To obtain knowledge for practical living from God's Word, a Christian must follow the laws of thought and engage in a deliberately intellectual pursuit, or in short, he must be an `intellectualist.' This must be the case because God created us this way, and He wrote His Word this way. In other words, God's Word and man's mind are perfectly compatible, but only an intellectualist understands this.
To an anti-intellectualist, man's problem is his mind: It is always getting in the way. He can't trust God because he thinks too much. He reads the Bible, but he tries to understand it with his `natural mind.' To conform to anti-intellectual teaching, the believing saint, who earnestly desires to grow in the Christian life, is compelled to embrace some asinine separation between his own `natural mind' and his `spiritual mind'; or his own mind and the mind of Christ in him; or between his mind and his `heart.' According to the anti-intellectualist, no matter how much he believes God's Word, and trusts God, he still has a `natural mind' that he must deny on a daily basis. The `natural mind' is thought to be his intellect, regardless of his faith in the authority of God's Word. If he reads the Word and grows in the grace and wisdom of God, and in godly character, he has not understood the Word with his intellect, but with his `heart.' The idea that the whole body of God's truth contained in the Scriptures is properly called THEORY (from theos - God) is anathema to the anti-intellectualist. If we wish to be biblical Christians (is there any other kind?) we must learn to think in theory.
(One ubiquitous problem is that anti-intellectualists never define their terms, such as natural mind, spiritual mind, heart, etc.. Or if they try, their definitions are so poor that they don't accomplish anything. Definitions are necessarily specific, and anti-intellectualists hate specificity. This is expected of course. Definition is an intellectual activity. What else should we expect from them?)
This absurd rejection of biblical intellectualism (which is nothing more than biblical faith) necessitates an appeal to empiricism as a means of obtaining knowledge for practical living, and to pragmatism as a method of judgement between right and wrong, good and bad.
The point is, the so-called anti-intellectualist cannot avoid vain philosophy. By rejecting the (necessarily intellectual) Tree of Life, he turns to the only other tree that offers knowledge, the tree of the knowledge of good and evil. That is the tree of the `practical thinker'; the concrete-bound man who is unable, or unwilling, to think in theory.
Loving God with all of our being Oct 18, 2006
It is no secret that there has been a strong tendency in Pentecostal/Charismatic circles to downplay the use of the mind, the intellect, reason, theology and doctrine. Some even relish in bashing theology and the intellect. This of course is not always the case, but generally speaking, it is a fair assessment. Emphasis on the work of the Spirit, on emotion, on worship and on experience has tended to dominate in these circles, at the expense of the mind.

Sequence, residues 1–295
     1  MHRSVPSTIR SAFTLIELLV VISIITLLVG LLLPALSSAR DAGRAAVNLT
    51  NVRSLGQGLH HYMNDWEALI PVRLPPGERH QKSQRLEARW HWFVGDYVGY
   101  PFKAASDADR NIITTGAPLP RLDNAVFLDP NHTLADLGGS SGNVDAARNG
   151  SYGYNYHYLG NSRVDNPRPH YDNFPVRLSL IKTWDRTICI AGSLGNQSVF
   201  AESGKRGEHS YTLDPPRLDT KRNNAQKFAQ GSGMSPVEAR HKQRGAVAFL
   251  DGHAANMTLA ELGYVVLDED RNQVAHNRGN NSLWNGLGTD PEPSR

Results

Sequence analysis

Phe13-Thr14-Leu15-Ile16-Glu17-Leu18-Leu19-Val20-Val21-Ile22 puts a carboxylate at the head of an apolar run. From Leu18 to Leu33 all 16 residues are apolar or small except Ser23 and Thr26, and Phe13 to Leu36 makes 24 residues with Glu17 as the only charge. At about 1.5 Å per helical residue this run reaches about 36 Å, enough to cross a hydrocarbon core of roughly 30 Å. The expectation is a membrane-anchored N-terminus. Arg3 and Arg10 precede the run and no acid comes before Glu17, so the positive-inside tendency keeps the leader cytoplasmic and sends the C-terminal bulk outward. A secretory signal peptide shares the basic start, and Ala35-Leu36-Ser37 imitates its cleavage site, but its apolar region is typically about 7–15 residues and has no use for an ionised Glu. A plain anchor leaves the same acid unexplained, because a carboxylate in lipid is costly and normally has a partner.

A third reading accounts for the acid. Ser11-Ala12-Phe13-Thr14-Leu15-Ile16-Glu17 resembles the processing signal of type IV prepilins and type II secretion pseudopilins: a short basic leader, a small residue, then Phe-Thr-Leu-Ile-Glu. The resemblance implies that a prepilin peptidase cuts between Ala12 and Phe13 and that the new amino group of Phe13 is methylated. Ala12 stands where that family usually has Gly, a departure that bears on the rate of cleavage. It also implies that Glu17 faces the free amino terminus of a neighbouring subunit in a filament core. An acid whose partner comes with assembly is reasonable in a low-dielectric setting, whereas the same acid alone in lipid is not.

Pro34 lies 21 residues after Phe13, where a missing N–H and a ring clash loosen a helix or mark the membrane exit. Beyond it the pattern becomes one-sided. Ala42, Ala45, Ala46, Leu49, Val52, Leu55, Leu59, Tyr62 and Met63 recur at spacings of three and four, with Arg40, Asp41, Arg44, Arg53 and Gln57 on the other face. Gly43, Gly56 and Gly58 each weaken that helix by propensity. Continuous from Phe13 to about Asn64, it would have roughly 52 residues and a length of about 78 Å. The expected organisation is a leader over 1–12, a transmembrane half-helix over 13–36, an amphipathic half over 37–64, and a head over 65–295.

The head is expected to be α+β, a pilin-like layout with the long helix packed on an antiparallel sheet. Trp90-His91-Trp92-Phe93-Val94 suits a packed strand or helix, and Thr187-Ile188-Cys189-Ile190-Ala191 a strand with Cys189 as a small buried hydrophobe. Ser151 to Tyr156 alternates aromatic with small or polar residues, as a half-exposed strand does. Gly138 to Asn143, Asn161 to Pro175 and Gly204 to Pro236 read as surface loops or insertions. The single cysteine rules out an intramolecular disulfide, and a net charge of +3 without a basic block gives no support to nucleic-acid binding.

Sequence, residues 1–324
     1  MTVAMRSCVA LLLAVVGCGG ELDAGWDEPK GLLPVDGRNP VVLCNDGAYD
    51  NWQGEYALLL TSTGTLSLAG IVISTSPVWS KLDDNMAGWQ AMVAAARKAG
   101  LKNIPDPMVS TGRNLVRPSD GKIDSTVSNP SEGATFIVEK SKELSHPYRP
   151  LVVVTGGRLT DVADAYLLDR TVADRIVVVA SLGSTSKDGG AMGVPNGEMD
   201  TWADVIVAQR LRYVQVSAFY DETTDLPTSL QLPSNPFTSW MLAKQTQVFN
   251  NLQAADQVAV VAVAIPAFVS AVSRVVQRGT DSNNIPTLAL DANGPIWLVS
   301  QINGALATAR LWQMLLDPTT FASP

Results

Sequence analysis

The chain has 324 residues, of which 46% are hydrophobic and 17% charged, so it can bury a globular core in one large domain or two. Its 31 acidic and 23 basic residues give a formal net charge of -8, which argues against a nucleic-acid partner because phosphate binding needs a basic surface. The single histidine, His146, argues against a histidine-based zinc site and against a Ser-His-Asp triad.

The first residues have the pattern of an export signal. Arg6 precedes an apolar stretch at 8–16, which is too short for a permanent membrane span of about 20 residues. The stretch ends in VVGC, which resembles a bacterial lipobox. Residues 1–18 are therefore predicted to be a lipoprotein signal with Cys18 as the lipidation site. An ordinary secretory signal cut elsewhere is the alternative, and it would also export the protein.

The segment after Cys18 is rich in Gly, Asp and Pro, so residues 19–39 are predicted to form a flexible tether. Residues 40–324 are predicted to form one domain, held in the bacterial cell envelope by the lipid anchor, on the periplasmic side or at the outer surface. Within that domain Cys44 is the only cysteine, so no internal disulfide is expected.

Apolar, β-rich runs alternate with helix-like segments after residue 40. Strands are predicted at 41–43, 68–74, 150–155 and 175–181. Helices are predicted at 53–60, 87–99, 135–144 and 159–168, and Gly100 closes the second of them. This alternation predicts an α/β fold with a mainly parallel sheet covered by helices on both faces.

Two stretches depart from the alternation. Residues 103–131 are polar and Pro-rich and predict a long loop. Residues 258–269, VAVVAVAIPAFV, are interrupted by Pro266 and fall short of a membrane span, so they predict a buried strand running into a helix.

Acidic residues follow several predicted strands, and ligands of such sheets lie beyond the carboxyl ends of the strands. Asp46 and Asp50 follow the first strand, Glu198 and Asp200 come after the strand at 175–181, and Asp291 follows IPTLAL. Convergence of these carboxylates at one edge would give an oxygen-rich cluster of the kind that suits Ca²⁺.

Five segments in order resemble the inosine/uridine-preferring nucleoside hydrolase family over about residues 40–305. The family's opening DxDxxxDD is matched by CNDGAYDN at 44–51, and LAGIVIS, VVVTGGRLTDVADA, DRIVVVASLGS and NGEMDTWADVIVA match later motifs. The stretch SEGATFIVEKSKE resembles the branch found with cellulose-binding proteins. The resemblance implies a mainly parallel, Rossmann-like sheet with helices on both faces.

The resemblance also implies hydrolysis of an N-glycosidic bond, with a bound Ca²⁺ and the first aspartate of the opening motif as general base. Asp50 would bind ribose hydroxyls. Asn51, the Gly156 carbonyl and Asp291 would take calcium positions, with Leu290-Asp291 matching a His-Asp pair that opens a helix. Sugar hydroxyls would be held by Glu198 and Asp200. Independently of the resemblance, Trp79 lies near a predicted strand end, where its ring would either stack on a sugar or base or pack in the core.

Then again, many non-Pentecostal denominations perhaps have the opposite problem. They may have deep theological acumen, make great use of the intellect and apologetics, delve deeply into the philosophical and theological issues of the day, but sometimes lack a vibrant, Spirit-filled walk with God. Again, this is a generalisation, but it tends to be the case quite often.
Thus it is quite difficult to find someone who shares in both traits: a first-class mind, great scholarship and wideness of learning, matched with a full-on, spiritually-dynamic, passion for Jesus. Such people certainly must exist, but they seem to be few and far between.
Indeed, the only two people that I know of who are both vibrant Pentecostal Christians, and also happen to be world-class New Testament scholars, are Gordon Fee and Rikki Watts, both of Regent College in Vancouver, Canada.
Well, there is at least one other person I have since discovered who is also concerned about uniting the mind with the Spirit: Rick Nanez. He is a committed member of the Pentecostal, or full gospel, tradition, being an Assembly of God pastor, and yet he decries the anti-intellectualism that is so rampant in this section of the Christian church.
Now before going any further, let me say that it is not just the Pentecostal world that tends to frown upon, and be uneasy with, the life of the mind, reason and theology. Much of the evangelical world as well shares this problem. And many evangelical authors have written books to address this very issue.
As such, evangelical thinkers like Os Guinness, Mark Noll, David Wells, to name but a few, have penned works, urging fellow evangelicals to love God with their minds as well as the rest of their being.
So Pentecostals are not unique in this regard. However, there probably has been a stronger, more-pronounced anti-intellectualism in this segment of the church than in most others.
But Nanez thinks this is just not good enough, and he wants things to change. Thus he has written this book to remind his colleagues that we are commanded by God to love him with the fullness of our being. And that includes our mind.